2/13/12

Appoggiatura, Adele, and Don Paterson


Appoggiatura is a musical term which metrical poets may not be familiar with, but make use of all the time. I would equate it loosely with the elision, though I have tended to call it the rhythmic element of surprise, or the de-emphasis, or the emotion's edge. But appoggiatura is a much more beautiful expression, and I'm always happy when poets borrow from music, the sister art, when describing the tools of the trade. It's defined as a vocal dip, change, or grace note, often discordant or unexpected: an ornament consisting of a nonharmonic note (short or long), preceding a harmonic one either before or on the stress. It comes to us from the Latin, to lean (into the next note). The Oxford Companion to Music describes the use of the appoggiatura as such: ‘...it is as important both melodically and harmocially as the note on which it leans, from which it takes normally half the time-value ...its exact interpretation varies greatly in different periods and contexts; but it always steals the emphasis from the main note, which follows softly like the resolution of a discord. ‘Clearly,’ says , Tim Wood in The Poetics of the Limit, ‘this definition shows that the appoggiatura usurps the emphasis, or the centraility of the main melody. The ‘grace note’ effects a displacement of the central text, thereby recentering the peripheral text.'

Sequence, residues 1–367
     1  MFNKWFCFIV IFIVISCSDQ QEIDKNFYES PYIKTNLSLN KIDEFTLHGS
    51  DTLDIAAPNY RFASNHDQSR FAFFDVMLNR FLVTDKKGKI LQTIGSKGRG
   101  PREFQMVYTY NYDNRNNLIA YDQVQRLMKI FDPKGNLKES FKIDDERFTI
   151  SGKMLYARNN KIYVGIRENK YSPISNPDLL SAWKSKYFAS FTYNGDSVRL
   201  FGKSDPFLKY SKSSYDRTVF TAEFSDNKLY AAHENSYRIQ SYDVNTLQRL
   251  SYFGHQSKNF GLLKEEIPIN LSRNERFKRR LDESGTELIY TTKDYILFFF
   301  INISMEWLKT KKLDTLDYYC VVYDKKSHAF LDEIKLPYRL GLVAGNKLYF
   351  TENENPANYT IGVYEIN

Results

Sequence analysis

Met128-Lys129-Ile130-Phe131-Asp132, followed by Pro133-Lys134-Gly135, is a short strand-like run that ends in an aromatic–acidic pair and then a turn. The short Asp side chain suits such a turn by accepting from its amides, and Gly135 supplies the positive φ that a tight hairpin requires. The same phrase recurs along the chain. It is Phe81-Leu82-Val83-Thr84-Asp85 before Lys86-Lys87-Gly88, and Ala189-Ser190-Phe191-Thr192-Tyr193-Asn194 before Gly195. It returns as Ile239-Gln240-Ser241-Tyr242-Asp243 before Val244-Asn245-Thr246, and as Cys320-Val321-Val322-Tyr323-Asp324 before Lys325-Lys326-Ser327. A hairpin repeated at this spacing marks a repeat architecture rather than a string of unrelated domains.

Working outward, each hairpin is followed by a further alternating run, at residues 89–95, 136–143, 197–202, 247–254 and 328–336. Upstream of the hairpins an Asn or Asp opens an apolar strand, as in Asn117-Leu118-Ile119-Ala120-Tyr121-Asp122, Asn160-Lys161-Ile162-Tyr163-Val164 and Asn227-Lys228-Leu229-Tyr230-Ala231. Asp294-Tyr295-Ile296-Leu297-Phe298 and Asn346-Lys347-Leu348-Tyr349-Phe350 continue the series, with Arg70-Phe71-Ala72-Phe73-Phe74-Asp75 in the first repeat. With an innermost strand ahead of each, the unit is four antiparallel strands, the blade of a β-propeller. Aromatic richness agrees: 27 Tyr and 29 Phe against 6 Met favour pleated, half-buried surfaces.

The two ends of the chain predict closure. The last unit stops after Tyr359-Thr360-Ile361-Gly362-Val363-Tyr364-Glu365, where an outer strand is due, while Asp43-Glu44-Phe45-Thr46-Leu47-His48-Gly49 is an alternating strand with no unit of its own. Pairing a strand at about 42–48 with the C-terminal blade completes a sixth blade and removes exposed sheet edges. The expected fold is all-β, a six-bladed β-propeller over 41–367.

In poetry, the effect is subtle, and when done well, utterly exquisite.

I suspect a true master calls up such things deliberately, while the average working poet like myself simply stumbles across such things during composition, revels in the physical effect, and knows intuitively the heart of the poem resides there. And of course whatever we call it, the result is as much contextul as it is sonic. Who was it said, nobody steps in the same word twice...Don Paterson ? Anyway, I think this is why I insist on using words like 'intuition' and 'instinct' when I'm pretending to teach. Go ahead and try to get my shift, so quietly coos the elusive drift inside the poem.

But to return to the blood of it all, of course it's all about the dopamine:


Next week, the mis-appplications and misunderstandings of the under-appreciated caesura.
Or not.





owl in flight, necole cooper camerson